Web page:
Tuesday, October 25, 2011

Sesame Orange Chicken

I love the flavors of orange and chicken together, with a subtle heat that slowly builds, but won't burn your mouth off. I'm not a big fan of real hot things. I'd like to taste the other flavors, please. lol

A quick and easy dish you can serve over rice, quinoa, angelhair pasta, or by itself, you can play with the combination of veggies and amount of heat, to make it your own.  Stick leftovers in a container, and you have an awesome lunch at work the next day!

Arbol chilies are little red dehydrated chilies found in your Mexican spice section of the store. I'm lucky to live in within a large Hispanic community, so my local groceries have a huge section of  a Mexican brand spices, in cellophane bags and more often than not, good quality and MUCH cheaper than their American name brands in the regular spice isle of the store. The brand I find around me is Mi Constentina.  I bought 8 oz of sesame seeds for 2.49.  Better than 5 bucks for a little, dinky, useless amount, I find in the other isle. And I can't tell the difference in taste!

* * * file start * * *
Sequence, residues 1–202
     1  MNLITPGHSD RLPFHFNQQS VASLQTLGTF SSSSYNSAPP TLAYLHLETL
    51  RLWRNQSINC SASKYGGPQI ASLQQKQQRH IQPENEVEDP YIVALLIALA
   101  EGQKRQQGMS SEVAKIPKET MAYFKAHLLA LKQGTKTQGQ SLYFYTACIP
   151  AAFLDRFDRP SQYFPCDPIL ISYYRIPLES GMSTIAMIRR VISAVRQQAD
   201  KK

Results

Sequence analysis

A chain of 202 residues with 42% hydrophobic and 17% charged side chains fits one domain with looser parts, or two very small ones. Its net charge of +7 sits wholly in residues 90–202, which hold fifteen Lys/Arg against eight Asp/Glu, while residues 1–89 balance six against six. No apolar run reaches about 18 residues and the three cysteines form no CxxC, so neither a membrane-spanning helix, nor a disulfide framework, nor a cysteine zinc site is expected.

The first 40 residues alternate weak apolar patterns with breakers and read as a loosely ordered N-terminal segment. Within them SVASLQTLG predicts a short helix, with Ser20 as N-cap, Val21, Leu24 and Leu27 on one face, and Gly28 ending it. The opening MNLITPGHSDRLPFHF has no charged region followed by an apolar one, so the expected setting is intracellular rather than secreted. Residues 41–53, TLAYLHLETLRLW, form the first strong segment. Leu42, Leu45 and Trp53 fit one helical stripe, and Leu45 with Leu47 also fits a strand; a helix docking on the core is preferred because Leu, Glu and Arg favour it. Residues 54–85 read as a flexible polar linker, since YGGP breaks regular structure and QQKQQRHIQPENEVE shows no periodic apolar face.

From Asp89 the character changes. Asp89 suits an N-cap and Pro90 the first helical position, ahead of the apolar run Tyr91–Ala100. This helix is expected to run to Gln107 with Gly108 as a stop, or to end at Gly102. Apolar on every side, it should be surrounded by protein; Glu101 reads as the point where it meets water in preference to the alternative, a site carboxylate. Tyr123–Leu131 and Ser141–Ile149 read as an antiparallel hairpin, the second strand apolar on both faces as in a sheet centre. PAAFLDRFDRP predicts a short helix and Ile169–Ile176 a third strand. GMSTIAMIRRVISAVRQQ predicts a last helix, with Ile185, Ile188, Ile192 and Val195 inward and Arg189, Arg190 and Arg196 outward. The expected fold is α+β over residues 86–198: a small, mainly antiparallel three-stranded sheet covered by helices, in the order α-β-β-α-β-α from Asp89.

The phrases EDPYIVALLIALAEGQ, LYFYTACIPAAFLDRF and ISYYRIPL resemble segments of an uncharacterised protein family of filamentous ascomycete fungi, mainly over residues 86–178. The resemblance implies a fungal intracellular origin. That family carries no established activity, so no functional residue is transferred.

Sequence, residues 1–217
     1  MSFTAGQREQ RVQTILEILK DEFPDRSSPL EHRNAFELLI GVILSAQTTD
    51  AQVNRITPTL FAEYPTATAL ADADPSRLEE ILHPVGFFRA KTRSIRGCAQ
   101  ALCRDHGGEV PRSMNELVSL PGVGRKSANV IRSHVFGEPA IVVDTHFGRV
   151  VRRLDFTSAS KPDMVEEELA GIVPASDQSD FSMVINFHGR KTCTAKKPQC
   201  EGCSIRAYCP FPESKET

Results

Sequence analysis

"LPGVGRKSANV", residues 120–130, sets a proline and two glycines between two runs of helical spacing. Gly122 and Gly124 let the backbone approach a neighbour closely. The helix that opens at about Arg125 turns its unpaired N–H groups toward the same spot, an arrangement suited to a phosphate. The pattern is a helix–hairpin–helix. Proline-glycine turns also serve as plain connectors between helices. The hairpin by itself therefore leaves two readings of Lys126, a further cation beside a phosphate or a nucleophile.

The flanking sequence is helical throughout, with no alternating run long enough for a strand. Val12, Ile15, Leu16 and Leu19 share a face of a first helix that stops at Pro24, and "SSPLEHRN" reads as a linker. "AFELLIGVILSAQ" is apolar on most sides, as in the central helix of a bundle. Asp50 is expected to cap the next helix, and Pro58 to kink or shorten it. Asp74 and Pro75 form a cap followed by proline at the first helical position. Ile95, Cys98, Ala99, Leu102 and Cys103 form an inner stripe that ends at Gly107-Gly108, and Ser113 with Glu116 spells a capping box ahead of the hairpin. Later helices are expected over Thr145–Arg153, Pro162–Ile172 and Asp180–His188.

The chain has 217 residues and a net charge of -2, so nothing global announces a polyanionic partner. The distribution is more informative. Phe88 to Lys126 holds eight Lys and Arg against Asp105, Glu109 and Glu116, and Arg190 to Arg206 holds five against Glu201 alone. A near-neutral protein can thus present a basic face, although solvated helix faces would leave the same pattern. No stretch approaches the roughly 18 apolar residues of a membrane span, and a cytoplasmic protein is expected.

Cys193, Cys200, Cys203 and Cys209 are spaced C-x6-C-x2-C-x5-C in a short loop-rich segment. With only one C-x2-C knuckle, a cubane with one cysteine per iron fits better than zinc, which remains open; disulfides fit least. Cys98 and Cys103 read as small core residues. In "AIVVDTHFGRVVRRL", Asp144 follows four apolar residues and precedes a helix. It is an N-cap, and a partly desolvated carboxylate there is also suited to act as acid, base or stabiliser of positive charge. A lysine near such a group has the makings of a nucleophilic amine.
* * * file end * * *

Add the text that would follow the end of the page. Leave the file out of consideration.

Reconstitute the chili in hot water until soft, about 30 minutes. Don't use the inner seeds and veins unless you like using the use of your taste buds for awhile. Oh, and as always, use gloves or wash your hands VERY well when messing with chilis.
If you prefer, you can sub the chili with a different kind of chili or a minced jalapeno. I just like the subtle, smoky heat these little Arbol chilies give. ahh.. I'm hungry, let's cook!
  • 1 lb boneless, skinless chicken, cubed
  • 1 small Arbol chili, reconstituted, seeded, deveined, and minced very fine
  • dash of Sesame oil
  • salt and pepper to taste
  • 1/2 red bell pepper, seeded, sliced lengthwise and then in half. More or less to suit your tastes.